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In Memory of Raven’s Human Dad

September 12, 2006


There are moments in life when we simply don’t know what to say. This is one of those moments for me. I’ve had a very up day so far and have not had the impact of 9/11 hit me the way it has the last several years. My family and I were living in Boston at the time, and I hardly knew what to think when the phone call came that the planes were crashing and people were dying by the thousands.

Today, I pulled up dogster.com and was excited to see that the “dog of the day” is from very near my hometown, a small logging and dairy town in the lost Redwood coast of California.

“Look at that!” I thought to myself as I noticed a picture of a man with his beautiful dog. Women dominate the site, so seeing a man’s photo is rare. Curious bird that I am, I scrolled down and saw one of the pictures titled, “Last picture I have of me and my daddy.”

What? Why? I scrolled down a bit more, and this is what I read:

Raven, your daddy loved you more than anything. You and Rich were totally bonded. You went to work with your daddy every day, and if daddy had to leave you at home for any reason, you would wait by the door until he came home. Even if daddy had to go on a trip, you would leave the door only to drink water, eat (very little), and go potty. Then you would return right to the door.

I met you when I met your daddy. We all instantly became a pack of 4. I knew that I was in love with your daddy at the end of our very first date, because as he drove away, he was snuggling and kissing and talking to you. We had clicked nicely during our date, but seeing how completely he loved you made me love him too.

Sadly, Rich was cruelly taken from our pack in the 9/11 attacks. You know he was a hero among the 40 passengers and crew who fought the terrorists on United Flight 93 that crashed in Shanksville, PA. Our pack woke up that morning so excited that daddy was coming home, but our whole world shattered when we found out that daddy’s plane had crashed. You spent 2 solid weeks waiting at the door for your daddy to come for you.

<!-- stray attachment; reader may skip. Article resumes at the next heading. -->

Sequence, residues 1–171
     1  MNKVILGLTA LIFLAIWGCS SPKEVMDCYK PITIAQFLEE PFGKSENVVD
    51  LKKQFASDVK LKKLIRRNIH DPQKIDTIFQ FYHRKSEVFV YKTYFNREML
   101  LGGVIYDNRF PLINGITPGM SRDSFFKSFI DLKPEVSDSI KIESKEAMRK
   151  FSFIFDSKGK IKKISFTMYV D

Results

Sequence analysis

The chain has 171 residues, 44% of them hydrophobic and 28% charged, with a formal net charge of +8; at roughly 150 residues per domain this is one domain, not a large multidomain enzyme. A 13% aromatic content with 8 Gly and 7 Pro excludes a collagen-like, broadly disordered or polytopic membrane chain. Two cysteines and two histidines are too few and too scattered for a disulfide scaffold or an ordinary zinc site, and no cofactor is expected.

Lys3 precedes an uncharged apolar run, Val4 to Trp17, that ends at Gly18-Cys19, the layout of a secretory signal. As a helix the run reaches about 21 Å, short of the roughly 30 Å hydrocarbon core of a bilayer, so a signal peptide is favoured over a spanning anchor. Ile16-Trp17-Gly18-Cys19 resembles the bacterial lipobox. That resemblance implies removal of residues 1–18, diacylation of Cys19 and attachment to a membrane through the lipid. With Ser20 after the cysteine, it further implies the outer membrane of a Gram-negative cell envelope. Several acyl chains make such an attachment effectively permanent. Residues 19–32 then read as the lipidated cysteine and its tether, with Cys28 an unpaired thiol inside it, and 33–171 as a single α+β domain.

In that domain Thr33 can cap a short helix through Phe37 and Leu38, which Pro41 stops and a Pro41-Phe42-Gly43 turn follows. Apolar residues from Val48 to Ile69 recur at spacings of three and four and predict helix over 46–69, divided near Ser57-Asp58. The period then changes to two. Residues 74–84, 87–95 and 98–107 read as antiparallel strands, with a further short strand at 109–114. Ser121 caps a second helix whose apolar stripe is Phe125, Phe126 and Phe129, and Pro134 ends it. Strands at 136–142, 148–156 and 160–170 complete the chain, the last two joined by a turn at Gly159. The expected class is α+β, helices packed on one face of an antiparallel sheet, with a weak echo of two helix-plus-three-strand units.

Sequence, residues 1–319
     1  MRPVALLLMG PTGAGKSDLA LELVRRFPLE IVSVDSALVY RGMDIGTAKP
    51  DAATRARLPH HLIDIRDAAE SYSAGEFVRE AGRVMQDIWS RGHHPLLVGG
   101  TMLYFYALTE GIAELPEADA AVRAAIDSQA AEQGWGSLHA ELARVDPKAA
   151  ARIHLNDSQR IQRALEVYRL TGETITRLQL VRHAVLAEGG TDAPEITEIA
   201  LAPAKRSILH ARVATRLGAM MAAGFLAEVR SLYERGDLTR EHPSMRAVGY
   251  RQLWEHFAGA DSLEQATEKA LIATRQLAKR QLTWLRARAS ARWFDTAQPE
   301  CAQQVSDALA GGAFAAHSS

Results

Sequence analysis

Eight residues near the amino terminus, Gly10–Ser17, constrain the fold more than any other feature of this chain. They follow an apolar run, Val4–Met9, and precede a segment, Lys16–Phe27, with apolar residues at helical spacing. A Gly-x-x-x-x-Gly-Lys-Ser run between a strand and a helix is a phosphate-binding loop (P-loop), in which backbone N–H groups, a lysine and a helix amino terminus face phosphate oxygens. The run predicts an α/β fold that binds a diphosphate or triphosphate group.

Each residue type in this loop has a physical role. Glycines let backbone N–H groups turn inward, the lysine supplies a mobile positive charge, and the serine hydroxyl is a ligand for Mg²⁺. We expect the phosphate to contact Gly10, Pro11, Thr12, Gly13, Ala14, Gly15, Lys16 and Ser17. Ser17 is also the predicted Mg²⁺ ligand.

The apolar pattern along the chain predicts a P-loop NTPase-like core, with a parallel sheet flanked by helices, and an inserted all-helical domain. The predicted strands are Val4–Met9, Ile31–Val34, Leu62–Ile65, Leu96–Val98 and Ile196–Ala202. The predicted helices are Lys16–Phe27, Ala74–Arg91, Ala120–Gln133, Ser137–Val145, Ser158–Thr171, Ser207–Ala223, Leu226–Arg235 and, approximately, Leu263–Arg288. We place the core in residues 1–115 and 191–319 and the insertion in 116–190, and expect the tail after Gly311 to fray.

Knowing that you now depended on me to be your pack leader and to love you like daddy loved you is what kept me going. If I wanted you to be able to heal and move forward, I needed to heal myself too. If I wanted you to start eating and stop waiting for what wasn’t going to happen, I had to do the same.

Being devoted to honoring Rich’s memory through taking care of you is what made it possible for me to take care of myself. Raven, you are my protector, my companion, and my life-saver.

Mommy loves you sun and moon and stars!

It was written on June 24th of this year.

I didn’t think today would get to me. I didn’t personally lose anyone in the attacks. My pain has mirrored the pain of the nation, and I have hurt for those who lost anyone they loved.

Reading this entry brought 9/11 home to me once again.

Several years ago, I left a horrible message on the answering machine of a woman who lost her husband, who worked in one of the towers. In so many jumbled words, I wanted to express to her my sorrow. To somehow let her know that I cared that her life had just been completely turned upside-down and sideways. To help her feel less alone.

I don’t know that I was adequately able to convey my heart in that message. And I don’t know how many people who still suffer the pain of losing someone (whether in 9/11 or otherwise) might be reading this today.

I wish there were words that I could hand-pick for a day like this. There are none. Perhaps that’s the point. Sometimes there simply are no words.

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